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There’s ‘no pain, no gain’ in college football during pandemic

Failing to rein in COVID-19 has consequences. Among them, college football.

The coaches whose whistles and shouts normally fill the air over football practice fields this time of year would rightly scoff at a player who showed up out of shape yet expected to make the team anyway.

That’s not how it works. Playing time is earned. It goes to those who spent their free time lifting weights and fine-tuning fundamentals at summer camps. Talent isn’t enough. It has to be combined with conditioning and preparation. This reality applies across all sports and to life off the field as well. Those who put in the work succeed. Those who don’t, usually don’t. That’s a good framework in which to consider the controversial but sensible calls made by some conferences and teams to postpone the fall college football season due to the COVID-19 pandemic. Fans are understandably lamenting a season on life support. Games, even if they were only watched on television, were a bright spot to look forward to.

The decision to delay by the Big Ten, which was joined by the Pac-12, will be felt especially hard here. This year, there will be no border battles between the Minnesota Gophers, the Wisconsin Badgers and the Iowa Hawkeyes. Yes, this pales in comparison to the losses COVID-19 has inflicted elsewhere. But autumn will feel a bit more bleak without these milestone matchups.

That’s why the “no pain, no gain” lesson from sports is so timely. The college football season had to be earned. The hard work required to resume it and so many other parts of pre-pandemic life: controlling the dangerous, easily transmissible new strain of coronavirus that causes COVID. But currently there is no cohesive national plan to contain the virus, and the lack of progress is tragic. The U.S. now ranks fourth in the world for COVID mortality per 100,000 population, according to the Johns Hopkins Coronavirus Resource Center. This week, the nation reported its highest daily death count (1,499) since the middle of May, The Washington Post reported. The newspaper’s analysis also contained this grim data point: The nation is now seeing its “seven-day average of newly reported deaths remain above 1,000 for 17 consecutive days.” That’s up from 520 in early July.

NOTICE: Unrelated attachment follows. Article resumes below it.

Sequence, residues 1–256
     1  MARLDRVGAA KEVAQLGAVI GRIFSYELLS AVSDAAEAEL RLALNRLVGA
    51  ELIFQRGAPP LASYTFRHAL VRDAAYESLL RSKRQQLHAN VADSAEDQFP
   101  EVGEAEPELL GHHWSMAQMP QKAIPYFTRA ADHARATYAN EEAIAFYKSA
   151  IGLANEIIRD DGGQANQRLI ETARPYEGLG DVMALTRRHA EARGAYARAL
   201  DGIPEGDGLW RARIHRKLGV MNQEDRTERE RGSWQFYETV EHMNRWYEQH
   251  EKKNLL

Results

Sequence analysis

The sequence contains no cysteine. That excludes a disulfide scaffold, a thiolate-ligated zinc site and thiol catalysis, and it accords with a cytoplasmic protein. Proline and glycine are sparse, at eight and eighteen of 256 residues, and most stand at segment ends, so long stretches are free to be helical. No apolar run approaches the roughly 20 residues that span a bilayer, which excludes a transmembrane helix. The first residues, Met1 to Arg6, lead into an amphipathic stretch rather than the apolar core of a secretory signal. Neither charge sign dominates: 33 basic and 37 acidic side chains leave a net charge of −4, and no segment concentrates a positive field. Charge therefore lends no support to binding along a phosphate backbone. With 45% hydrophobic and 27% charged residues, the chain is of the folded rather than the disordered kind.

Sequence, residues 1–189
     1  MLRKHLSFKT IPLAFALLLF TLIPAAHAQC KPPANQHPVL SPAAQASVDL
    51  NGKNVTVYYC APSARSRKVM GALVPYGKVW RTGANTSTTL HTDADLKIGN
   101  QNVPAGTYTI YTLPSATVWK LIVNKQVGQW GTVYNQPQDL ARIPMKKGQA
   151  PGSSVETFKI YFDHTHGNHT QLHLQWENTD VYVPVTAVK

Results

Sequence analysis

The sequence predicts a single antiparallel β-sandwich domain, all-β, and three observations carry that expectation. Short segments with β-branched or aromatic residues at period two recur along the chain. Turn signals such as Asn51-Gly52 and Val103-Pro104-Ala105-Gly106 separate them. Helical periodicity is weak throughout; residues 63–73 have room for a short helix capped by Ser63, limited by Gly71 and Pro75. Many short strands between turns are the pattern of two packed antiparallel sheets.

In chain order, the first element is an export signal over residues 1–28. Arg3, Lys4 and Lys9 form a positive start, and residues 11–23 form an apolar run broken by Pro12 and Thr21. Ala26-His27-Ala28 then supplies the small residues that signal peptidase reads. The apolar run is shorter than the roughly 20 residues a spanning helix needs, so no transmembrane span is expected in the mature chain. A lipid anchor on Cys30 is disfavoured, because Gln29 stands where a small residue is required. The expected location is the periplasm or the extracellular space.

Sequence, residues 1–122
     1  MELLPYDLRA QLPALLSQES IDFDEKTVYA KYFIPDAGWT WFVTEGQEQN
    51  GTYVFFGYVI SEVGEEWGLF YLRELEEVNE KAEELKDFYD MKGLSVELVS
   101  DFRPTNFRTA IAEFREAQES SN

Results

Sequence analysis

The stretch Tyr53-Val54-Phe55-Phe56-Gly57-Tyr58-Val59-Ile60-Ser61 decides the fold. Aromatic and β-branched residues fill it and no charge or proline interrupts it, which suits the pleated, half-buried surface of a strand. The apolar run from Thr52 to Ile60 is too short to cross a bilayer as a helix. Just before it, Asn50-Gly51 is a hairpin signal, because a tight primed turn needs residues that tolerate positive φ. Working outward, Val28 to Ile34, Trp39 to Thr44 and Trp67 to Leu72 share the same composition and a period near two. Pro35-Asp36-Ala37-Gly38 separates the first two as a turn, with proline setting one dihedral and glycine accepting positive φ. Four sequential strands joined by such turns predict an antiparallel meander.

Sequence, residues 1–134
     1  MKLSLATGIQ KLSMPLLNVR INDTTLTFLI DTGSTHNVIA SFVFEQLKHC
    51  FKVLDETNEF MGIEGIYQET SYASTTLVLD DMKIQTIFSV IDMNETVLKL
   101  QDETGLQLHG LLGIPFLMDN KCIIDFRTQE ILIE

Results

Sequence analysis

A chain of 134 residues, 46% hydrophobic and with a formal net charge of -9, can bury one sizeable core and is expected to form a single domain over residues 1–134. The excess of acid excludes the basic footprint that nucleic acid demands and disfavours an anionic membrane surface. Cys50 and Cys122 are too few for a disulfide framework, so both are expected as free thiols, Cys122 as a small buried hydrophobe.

The U.S. has become the entitled slacker who shows up expecting to make the team. Not doing the hard work means things we want remain out of reach. It doesn’t make sense for college athletes to travel in and out of COVID hot spots or put them at risk for long-lasting viral heart complications. “Almost nowhere else do you try to hit someone so hard that the wind is knocked out of them — usually right onto you or at least in your general vicinity,” said Dr. Dimitri Drekonja, a University of Minnesota infectious-disease expert.

Drekonja said all of the assessments he’s reviewed put football in a high-risk category, and he worries that some of the bigger players could be considered obese, a risk factor for severe COVID.

Arguments raised by some coaches that playing football could keep athletes safer through more frequent testing, for example, drew skepticism from bioethicist Art Caplan, a professor and founding head of the Division of Medical Ethics at the New York University School of Medicine.

Caplan said not all college programs have the resources or the commitment to do frequent testing and take other protective measures. In addition, he said, players will still be unsupervised for long stretches of time away from practice. If players get COVID, older trainers, coaches and other staff could become ill. In turn, they could infect others in their community. Postponing the season was the “right call,” Caplan said. “Asking professional athletes to take the risk … is one thing. With student athletes, it’s hard to justify.”

The failure to control COVID will likely throw for a loss other attempted returns to normality. The decision on college football raises troubling questions about the safety of returning students to campuses, for example.

A national battle plan is needed swiftly. So is broader buy-in on individual efforts such as wearing a mask and forgoing gatherings.

That locker-room lesson — “no pain, no gain” — still applies.

— Minneapolis Star Tribune

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